AWP2015: Time and Structure in the Novel

Screen Shot 2015-04-12 at 5.17.02 PMEditor’s Note: this was a fiction session, but we’re posting it because it does have overlap with some of the book-length nonfiction panels we saw.

“Time and Structure in the Novel” was both a popular and useful session. The foundational text for the session was Joan Silber’s The Art of Time in Fiction. It was mentioned in moderator Sarah Strickley’s opening statement, referenced repeatedly by all members of the panel, and strongly recommended as a book for writers to consult. As described by panel member Leah Stewart, Silber’s book identifies different ways that novelists can arrange time flow in their stories. The notion of “classic time”—in which time moves forward in discreet, linear steps—and “switchback time”—in which the narrative moves regularly back and forth between past and present—were cited most often by the panelists.

Another and original conceptual model for structuring one’s novel was suggested by panel member Dean Bakopoulos. Bakopoulos explained that he tells his students to think about their novels as escalators that move upward through 8 different stages. Doing so helps crystallize for a writer her story’s tensions. For instance, the writer must decide what exactly happens to the protagonist in those 8 stages. Bakopoulos received multiple questions from the audience about this concept and so he further explained that he tells his students that after the third stage on the escalator their characters should realize that they can’t go back; after the sixth stage they should realize they are being followed.

Panelist Michael Knight emphasized the concept of “forward lean.”   Time, he said, should create “pressure” on a narrative, pressure that pushes the story forward all the way to the end.   If the pressure is too much, perhaps the writer should relax time; if it’s not enough, the reader should attenuate time.   He also added that as the reader moves through a novel, her understanding of a character’s situation should grow increasingly complex. Stewart amended Knight’s comments by explaining that when the plot of a novel isn’t generating enough pressure on its own, a writer can generate pressure by changing the order in which the plot is laid out.   Another panelist followed up saying that the nature of a novel’s core question can be changed by how time is arranged. Depending on when certain events are presented, the core question for the novel might not be “Why are these events happening?” but “What is the result caused by the events?” This happened with one of her own novels when she decided to show a character abandoning a baby in the very first scene and then jumped ahead ten years to show the consequence of that action.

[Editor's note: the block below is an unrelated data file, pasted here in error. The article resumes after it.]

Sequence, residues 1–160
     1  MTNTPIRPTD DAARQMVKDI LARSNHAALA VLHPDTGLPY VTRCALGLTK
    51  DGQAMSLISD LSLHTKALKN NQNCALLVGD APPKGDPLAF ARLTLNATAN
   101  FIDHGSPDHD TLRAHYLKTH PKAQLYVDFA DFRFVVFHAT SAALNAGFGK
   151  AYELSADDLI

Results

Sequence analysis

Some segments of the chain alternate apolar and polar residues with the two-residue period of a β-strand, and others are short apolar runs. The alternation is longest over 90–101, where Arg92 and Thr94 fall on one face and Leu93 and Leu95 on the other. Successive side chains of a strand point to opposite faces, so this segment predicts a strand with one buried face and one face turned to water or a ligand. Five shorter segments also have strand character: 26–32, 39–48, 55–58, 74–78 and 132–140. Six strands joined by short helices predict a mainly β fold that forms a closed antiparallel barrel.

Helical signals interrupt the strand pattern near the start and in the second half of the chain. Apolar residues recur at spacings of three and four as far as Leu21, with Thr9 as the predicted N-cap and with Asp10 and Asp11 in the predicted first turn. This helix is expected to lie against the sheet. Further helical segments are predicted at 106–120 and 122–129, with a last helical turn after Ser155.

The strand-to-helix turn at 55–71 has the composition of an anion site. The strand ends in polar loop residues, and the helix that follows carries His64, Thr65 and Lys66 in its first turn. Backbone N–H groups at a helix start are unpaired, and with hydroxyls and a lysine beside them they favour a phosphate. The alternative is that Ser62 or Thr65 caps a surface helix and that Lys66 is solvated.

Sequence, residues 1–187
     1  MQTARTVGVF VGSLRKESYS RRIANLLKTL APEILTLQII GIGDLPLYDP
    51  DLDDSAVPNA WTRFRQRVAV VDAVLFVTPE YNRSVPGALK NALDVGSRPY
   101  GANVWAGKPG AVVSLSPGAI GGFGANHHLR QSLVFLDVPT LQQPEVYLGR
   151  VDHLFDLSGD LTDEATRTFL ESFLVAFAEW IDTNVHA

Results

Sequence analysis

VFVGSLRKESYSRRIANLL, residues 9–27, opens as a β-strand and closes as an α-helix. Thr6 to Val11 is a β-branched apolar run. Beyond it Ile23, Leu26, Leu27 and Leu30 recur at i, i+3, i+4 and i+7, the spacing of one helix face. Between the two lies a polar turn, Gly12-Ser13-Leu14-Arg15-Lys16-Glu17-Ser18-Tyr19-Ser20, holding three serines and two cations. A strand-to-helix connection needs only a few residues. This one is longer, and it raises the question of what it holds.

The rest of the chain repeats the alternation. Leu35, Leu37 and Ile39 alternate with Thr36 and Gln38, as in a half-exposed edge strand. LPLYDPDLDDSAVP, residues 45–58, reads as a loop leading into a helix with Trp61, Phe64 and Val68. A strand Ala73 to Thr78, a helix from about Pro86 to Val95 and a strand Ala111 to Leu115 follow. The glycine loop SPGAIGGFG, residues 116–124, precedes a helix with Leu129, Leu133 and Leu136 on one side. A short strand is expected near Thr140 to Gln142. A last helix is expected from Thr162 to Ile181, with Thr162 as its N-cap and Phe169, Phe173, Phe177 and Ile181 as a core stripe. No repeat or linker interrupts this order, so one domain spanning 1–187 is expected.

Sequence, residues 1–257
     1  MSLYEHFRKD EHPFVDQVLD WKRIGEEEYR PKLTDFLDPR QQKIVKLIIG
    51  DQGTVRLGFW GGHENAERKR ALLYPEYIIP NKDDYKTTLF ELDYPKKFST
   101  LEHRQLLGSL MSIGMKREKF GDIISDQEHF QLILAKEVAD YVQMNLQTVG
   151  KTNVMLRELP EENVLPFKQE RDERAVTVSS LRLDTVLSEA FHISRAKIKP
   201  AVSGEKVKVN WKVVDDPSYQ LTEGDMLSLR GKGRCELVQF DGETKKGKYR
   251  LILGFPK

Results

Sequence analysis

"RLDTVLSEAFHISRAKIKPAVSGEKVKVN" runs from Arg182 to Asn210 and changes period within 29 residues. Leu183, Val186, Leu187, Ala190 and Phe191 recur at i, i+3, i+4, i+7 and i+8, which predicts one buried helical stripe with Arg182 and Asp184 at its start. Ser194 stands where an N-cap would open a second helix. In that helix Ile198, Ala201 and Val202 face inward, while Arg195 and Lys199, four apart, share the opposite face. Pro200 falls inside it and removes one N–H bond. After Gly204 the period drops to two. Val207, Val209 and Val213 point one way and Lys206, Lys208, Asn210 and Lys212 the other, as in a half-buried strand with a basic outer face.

Meanwhile, several panelists found useful Ethan Canin’s notion that every story needs a “clothesline” that runs through it from beginning to end, and that the clothesline should be taut enough to “hang things on.”

A large chunk of the session was devoted to the authors describing novels that helped them find new ways of handling time in their own books. Bakopoulos recommended William Maxwell’s So Long See You Tomorrow as an example of how a book can be engaging even though all of its core tensions are in the past.   Another panelist recommended Those Who Save Us by Jenna Blum for its example of how to use leaps in time. Knight praised Henry James’s Portrait of a Lady because of how the author focuses attention on the most crucial episodes in a relationship and how James is able to more or less skip several years in between these episodes with no detriment to his story.   Stewart recommended The Middlesteins by Jami Attenberg as an example of a novel with a “mosaic” structure; also Department of Speculation by Jenny Offill as an example of a novel made out of fragments.

-John Vanderslice


Visit Assay: A Journal of Nonfiction Studies to browse our recent issues (Fall 2014 and Spring 2015), explore our classroom resources, and to subscribe to the journal (it’s free!).

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